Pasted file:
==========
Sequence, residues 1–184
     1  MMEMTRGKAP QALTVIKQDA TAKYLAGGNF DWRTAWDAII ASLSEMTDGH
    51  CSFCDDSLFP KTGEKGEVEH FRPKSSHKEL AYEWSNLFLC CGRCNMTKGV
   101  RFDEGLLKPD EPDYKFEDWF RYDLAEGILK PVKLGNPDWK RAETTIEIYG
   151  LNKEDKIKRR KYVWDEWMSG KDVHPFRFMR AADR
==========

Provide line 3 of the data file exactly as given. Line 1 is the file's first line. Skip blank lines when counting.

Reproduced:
    51  CSFCDDSLFP KTGEKGEVEH FRPKSSHKEL AYEWSNLFLC CGRCNMTKGV